Nimbies were allowed to progress on their path or even encouraged.
With a working SST on their hands to gift to the world the US would have walked straight over any opposition.

Yep, that's what it has to be, those noble Europeans and their dreams squashed by those evil Americans yet again. It has nothing to do with the fact that the Concorde was terribly fuel inefficient, was terribly short ranged, and was terribly loud. How dare those American nimbys protest something that loud? They must be doing it out of hate for Europeans, not because they want to sleep at night. Oh, and all those Asians who want to sleep at night? Who cares, they're brown skinned former colonials, we'll just ignore them.
Wake up to find out that you are the eyes of the world
The heart has its beaches, its homeland and thoughts of its own
Wake now, discover that you are the song that the morning brings
The heart has its seasons, its evenings and songs of its own
 
Arion640
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Re: Did the Concorde "fail"?

Thu May 18, 2017 10:56 pm

Revelation wrote:
WIederling wrote:
The commercial case was smashed to pieces when the US realized that their "One Up" SST would never work out.
Nimbies were allowed to progress on their path or even encouraged.
With a working SST on their hands to gift to the world the US would have walked straight over any opposition.

Yep, that's what it has to be, those noble Europeans and their dreams squashed by those evil Americans yet again. It has nothing to do with the fact that the Concorde was terribly fuel inefficient, was terribly short ranged, and was terribly loud. How dare those American nimbys protest something that loud? They must be doing it out of hate for Europeans, not because they want to sleep at night. Oh, and all those Asians who want to sleep at night? Who cares, they're brown skinned former colonials, we'll just ignore them.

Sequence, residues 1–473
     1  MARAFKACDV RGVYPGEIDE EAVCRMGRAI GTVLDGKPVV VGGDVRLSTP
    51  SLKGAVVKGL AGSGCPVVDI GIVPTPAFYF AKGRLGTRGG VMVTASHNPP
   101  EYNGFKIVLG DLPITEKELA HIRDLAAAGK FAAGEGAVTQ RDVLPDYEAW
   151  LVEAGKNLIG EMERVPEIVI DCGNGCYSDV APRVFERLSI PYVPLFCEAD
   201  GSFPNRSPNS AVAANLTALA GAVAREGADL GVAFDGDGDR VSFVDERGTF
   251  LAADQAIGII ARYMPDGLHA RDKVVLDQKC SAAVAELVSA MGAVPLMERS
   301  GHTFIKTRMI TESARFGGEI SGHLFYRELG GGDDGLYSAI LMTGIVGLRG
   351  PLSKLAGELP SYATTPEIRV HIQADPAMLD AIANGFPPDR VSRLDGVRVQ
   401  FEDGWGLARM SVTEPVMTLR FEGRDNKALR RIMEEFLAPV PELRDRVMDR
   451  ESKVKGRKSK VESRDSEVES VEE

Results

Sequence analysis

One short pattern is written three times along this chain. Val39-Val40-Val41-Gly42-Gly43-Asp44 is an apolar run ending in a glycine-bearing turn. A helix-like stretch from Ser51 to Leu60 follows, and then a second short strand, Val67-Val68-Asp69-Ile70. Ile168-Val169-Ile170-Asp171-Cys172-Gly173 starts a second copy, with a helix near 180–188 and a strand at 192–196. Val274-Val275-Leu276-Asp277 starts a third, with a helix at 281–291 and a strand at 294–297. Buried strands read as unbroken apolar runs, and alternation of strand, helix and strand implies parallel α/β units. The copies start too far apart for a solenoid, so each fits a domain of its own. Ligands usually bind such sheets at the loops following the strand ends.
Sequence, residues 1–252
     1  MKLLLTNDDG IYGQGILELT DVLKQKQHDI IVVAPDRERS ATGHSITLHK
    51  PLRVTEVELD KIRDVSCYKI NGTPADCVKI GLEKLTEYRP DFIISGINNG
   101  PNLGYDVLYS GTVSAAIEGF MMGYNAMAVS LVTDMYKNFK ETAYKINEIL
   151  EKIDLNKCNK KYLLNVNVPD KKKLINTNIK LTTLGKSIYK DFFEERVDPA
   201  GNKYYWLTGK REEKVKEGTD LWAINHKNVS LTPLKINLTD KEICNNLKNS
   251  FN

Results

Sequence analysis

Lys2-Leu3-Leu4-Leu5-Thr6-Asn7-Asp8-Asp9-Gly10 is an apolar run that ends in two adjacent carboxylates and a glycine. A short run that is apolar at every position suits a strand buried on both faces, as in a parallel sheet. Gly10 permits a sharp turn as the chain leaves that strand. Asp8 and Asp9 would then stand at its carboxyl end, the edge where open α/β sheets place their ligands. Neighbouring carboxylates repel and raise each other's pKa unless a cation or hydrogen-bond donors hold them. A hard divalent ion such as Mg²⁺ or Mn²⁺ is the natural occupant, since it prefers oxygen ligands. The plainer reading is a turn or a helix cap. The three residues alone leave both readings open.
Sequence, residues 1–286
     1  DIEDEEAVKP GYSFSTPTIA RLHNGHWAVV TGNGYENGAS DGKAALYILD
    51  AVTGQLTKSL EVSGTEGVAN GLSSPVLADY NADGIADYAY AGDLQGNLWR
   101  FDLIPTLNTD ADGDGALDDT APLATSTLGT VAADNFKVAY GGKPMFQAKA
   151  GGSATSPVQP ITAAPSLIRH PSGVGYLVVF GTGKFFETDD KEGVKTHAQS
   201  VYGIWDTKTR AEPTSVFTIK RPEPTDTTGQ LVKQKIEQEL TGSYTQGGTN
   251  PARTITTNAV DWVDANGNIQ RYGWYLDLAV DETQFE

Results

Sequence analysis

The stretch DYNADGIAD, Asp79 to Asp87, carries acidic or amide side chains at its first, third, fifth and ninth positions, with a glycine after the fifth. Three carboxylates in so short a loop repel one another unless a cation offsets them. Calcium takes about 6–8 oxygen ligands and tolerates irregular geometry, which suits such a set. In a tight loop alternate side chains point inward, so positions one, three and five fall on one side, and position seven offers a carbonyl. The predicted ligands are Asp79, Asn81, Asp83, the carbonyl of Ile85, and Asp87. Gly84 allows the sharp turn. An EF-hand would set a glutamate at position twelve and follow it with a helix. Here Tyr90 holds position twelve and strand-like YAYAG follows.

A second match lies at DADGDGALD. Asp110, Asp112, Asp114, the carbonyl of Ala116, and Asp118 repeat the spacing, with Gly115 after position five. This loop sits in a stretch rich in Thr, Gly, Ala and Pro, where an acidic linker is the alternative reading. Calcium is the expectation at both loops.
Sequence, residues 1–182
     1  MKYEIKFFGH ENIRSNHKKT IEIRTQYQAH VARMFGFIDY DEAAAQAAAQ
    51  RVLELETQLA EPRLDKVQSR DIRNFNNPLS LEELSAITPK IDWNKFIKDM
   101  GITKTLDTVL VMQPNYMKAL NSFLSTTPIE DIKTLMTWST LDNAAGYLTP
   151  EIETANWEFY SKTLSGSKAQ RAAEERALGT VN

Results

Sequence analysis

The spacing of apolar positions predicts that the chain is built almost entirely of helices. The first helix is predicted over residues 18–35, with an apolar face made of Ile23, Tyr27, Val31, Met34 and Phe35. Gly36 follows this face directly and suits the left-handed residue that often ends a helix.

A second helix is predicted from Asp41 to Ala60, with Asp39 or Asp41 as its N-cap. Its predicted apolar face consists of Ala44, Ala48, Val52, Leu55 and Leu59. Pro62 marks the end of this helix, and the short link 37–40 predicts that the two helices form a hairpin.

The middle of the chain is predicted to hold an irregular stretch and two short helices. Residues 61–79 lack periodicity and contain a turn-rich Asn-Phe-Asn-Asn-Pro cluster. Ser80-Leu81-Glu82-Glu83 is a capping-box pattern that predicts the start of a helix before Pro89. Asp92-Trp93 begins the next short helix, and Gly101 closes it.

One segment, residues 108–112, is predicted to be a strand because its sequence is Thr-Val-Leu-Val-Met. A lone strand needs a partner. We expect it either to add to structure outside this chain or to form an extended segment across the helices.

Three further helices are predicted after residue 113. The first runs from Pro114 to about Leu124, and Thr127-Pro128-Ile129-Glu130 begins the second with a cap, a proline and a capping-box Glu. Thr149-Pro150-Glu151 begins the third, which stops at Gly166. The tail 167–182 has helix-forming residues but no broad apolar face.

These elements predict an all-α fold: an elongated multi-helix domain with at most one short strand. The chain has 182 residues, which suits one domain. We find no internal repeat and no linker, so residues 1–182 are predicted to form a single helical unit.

When they tried to bring Concorde to JFK in the late 70's, It would have been no louder on landing than a 707 or DC8. Now If America had suceeded in creating a SST, the amount of NIMBIES would be a lot less. This is just how things are.

You say Concorde was short ranged which indeed it was, but when it was first introduced, many flights heading to Europe seem to have a stupid amount of stop overs anywhere. So even though the Pan Ams 747's of the day had range, they would fly a route like DTW-JFK-LHR-CDG-FCO or whatever. Did range really matter? When Concorde flights first commenced, fuel was dirt cheap offsetting its fuel guzzling. Your comparing concorde to todays travel, direct flights and cheap ticket prices, not the era it was designed and intended to be operated in.
Great Britain: the worlds gateway to Europe.
 
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Revelation
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Re: Did the Concorde "fail"?

Fri May 19, 2017 1:03 am

Arion640 wrote:
When they tried to bring Concorde to JFK in the late 70's, It would have been no louder on landing than a 707 or DC8.

Yes, but unless they were going to build a new aircraft for each flight, eventually they'd have to take off too!

Arion640 wrote:
Now If America had suceeded in creating a SST, the amount of NIMBIES would be a lot less. This is just how things are.

We'll never know. The noise lobby was quite strong in those days, precisely because of those 707s and DC8s.

Unfortunately some here pretend they know, because they have an agenda to push.

Arion640 wrote:
You say Concorde was short ranged which indeed it was, but when it was first introduced, many flights heading to Europe seem to have a stupid amount of stop overs anywhere. So even though the Pan Ams 747's of the day had range, they would fly a route like DTW-JFK-LHR-CDG-FCO or whatever. Did range really matter? When Concorde flights first commenced, fuel was dirt cheap offsetting its fuel guzzling. Your comparing concorde to todays travel, direct flights and cheap ticket prices, not the era it was designed and intended to be operated in.